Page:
On December 9, the United States National Vulnerability Database (NVD) raised concerns about Bitcoin’s inscriptions, identifying them as a significant cybersecurity risk. The database highlighted a security flaw that paved the way for the development of the Ordinals Protocol in 2022.
According to NVD records, certain versions of Bitcoin Core and Bitcoin Knots exhibit a datacarrier limit bypass, allowing data to be disguised as code. The document points out that this vulnerability was exploited in the wild by Inscriptions in 2022 and 2023.
Inclusion in the NVD’s list signifies the acknowledgment of a specific cybersecurity threat, emphasizing its importance for public awareness. The NVD is overseen by the National Institute of Standards and Technology (NIST), a branch of the U.S. Department of Commerce.
The ongoing analysis of Bitcoin’s network vulnerability suggests potential consequences, such as a surge in non-transactional data flooding the blockchain. This could lead to an increase in network size, negatively impacting performance and fees.
A recent post by Bitcoin Core developer Luke Dashjr on X (formerly Twitter) is highlighted on the NVD’s website as an informative resource. Dashjr claims that inscriptions exploit a vulnerability in Bitcoin Core, likening it to receiving daily junk mail that slows down the user experience.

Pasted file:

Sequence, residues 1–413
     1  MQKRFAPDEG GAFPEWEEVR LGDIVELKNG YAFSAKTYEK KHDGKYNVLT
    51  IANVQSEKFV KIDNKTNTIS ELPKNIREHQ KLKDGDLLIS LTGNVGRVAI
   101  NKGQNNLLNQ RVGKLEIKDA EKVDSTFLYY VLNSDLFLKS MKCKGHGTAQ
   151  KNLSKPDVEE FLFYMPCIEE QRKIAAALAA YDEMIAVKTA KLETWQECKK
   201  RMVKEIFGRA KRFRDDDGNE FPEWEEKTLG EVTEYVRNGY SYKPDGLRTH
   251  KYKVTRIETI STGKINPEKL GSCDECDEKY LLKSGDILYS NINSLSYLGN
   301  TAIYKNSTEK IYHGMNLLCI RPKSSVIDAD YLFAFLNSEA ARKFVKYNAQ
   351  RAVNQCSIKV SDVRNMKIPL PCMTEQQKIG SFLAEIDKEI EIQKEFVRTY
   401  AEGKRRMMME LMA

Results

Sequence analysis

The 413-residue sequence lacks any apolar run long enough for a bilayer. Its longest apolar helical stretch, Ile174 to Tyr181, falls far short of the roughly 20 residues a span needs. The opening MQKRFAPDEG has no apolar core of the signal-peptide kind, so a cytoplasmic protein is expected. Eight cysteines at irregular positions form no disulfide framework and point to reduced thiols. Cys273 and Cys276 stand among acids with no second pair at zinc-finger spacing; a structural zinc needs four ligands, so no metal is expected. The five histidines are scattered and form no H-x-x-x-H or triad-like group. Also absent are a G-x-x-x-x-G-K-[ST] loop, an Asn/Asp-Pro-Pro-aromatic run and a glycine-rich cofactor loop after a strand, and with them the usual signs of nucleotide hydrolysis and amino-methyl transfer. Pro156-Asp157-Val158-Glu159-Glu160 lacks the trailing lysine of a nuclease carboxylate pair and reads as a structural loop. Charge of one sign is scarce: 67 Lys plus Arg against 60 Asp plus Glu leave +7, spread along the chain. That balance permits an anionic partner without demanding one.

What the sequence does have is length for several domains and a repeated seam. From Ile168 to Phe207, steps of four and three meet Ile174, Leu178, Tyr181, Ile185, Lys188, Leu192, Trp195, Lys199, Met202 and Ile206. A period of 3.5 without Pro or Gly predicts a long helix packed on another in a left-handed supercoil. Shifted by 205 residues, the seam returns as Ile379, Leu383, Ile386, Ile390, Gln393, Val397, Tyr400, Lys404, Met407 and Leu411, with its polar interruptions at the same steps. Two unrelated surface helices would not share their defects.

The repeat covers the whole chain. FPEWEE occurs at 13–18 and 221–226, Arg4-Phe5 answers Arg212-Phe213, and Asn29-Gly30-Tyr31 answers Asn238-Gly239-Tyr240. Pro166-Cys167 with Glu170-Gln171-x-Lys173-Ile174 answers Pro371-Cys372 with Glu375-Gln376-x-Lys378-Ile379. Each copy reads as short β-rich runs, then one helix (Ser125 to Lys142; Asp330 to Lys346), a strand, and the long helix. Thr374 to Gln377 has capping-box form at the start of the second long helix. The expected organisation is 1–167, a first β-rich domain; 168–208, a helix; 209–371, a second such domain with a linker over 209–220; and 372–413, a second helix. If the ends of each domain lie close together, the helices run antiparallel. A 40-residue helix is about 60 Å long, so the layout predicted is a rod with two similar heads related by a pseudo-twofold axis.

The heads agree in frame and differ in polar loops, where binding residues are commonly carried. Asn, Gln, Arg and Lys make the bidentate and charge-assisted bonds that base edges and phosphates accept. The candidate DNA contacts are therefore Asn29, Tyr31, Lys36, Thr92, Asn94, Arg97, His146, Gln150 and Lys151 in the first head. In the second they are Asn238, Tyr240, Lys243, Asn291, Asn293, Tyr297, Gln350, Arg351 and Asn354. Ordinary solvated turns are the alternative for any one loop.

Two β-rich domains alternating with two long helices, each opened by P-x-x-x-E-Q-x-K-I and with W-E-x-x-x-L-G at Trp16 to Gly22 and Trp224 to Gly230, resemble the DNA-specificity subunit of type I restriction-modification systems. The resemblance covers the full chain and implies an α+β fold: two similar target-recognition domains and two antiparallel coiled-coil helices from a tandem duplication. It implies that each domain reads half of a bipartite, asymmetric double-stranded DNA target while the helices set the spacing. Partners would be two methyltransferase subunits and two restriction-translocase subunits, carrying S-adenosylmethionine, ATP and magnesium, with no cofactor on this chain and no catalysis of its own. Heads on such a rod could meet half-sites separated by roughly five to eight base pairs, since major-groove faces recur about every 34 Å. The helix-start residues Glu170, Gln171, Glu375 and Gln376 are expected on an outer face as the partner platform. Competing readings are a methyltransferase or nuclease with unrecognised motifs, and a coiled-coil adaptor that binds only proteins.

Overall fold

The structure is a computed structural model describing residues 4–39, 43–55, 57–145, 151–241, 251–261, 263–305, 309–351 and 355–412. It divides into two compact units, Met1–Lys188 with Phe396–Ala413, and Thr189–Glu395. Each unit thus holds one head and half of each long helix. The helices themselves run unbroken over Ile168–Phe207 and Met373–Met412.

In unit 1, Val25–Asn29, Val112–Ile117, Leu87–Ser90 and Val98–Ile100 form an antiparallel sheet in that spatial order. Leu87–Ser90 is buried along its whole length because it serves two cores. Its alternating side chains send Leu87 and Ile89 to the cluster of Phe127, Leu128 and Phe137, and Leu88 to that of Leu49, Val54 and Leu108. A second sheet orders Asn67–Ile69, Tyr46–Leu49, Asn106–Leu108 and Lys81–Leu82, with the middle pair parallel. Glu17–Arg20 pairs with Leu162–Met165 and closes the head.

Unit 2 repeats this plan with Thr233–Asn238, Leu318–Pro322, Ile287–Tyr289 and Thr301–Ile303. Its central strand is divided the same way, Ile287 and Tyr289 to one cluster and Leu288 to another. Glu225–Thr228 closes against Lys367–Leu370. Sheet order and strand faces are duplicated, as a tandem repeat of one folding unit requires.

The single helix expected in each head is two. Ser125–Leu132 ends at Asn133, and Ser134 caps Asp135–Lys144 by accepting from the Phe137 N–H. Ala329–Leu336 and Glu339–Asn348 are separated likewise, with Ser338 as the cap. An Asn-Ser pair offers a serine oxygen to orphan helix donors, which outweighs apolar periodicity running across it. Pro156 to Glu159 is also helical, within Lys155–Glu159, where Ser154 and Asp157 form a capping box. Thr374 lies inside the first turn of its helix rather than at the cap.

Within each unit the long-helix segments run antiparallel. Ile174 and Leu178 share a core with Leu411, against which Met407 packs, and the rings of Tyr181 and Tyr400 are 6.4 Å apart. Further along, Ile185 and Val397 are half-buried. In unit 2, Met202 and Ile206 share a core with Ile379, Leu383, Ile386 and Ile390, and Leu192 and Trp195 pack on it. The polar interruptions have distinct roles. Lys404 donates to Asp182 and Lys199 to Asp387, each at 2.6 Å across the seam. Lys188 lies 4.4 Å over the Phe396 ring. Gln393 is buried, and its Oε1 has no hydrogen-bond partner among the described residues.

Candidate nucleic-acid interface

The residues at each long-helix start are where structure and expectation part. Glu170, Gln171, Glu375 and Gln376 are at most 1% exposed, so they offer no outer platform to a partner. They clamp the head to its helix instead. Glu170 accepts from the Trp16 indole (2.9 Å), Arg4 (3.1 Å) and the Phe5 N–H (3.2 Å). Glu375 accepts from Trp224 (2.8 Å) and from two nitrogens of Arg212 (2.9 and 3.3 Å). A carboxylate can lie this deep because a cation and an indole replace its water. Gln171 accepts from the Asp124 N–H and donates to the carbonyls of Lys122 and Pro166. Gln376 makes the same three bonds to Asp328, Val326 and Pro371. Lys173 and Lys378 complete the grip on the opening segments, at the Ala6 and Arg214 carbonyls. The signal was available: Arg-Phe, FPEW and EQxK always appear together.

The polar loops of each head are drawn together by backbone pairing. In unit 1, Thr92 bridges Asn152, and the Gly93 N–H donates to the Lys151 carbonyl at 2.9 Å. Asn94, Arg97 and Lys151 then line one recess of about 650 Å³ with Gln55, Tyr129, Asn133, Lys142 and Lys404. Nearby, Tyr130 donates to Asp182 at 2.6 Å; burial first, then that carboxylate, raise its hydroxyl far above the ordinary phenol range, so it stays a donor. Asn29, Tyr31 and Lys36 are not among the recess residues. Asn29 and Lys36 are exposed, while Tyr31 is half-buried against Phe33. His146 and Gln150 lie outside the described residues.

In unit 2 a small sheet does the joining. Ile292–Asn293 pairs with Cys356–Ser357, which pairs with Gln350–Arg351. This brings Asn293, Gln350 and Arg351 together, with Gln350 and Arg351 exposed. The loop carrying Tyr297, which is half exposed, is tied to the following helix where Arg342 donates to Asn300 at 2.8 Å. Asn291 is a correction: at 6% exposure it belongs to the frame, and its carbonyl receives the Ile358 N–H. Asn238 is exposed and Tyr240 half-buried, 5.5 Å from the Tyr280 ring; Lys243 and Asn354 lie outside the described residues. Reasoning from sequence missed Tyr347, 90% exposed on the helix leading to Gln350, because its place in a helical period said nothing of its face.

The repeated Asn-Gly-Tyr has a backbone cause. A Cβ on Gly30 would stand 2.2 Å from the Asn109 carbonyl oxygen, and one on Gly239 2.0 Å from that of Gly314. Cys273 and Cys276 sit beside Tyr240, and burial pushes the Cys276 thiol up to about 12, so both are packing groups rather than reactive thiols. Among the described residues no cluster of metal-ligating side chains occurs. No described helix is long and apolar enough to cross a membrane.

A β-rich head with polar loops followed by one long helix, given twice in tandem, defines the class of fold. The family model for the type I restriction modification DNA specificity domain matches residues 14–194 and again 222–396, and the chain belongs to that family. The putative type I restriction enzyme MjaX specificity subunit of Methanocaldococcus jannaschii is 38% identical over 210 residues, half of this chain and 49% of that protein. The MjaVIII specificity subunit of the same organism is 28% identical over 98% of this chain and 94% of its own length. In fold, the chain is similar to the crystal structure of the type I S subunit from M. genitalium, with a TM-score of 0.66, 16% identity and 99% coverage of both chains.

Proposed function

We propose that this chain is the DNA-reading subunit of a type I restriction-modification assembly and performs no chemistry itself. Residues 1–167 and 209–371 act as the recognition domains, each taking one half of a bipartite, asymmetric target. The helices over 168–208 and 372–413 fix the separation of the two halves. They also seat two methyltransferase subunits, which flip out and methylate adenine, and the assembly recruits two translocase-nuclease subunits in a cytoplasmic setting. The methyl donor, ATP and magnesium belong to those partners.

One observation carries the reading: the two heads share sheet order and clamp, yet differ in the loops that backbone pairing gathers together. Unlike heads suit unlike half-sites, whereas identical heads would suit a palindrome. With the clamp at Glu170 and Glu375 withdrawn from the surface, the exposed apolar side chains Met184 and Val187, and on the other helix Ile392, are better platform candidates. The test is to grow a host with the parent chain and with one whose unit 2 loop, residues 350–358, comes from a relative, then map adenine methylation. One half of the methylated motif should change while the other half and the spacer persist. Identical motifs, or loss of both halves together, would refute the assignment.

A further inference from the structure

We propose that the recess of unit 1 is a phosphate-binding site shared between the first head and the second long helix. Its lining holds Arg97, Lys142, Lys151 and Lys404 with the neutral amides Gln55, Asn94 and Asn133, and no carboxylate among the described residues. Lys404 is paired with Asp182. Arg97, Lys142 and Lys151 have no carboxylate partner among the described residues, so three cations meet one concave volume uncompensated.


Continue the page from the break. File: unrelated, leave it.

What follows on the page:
The relevance of this vulnerability to Ordinals lies in the nature of inscriptions, where additional data is embedded into specific satoshis, the smallest unit of Bitcoin. This digital data, whether an image, text, or other media, becomes a permanent part of the Bitcoin blockchain with each addition to a satoshi.
Although data embedding has been part of the Bitcoin protocol for some time, its popularity surged with the introduction of Ordinals in late 2022. This protocol allowed for the direct embedding of unique digital arts into Bitcoin transactions, akin to nonfungible tokens (NFTs) on the Ethereum network.
The increased volume of Ordinals transactions in 2023 led to network congestion, intensifying competition to confirm transactions and subsequently raising fees while slowing processing times.
If the bug is patched, there is potential for restricting Ordinals inscriptions on the network. When asked about the impact on Ordinals and BRC-20 tokens if the vulnerability is fixed, Dashjr affirmed that they would cease to exist. However, existing inscriptions would remain intact due to the network’s immutability.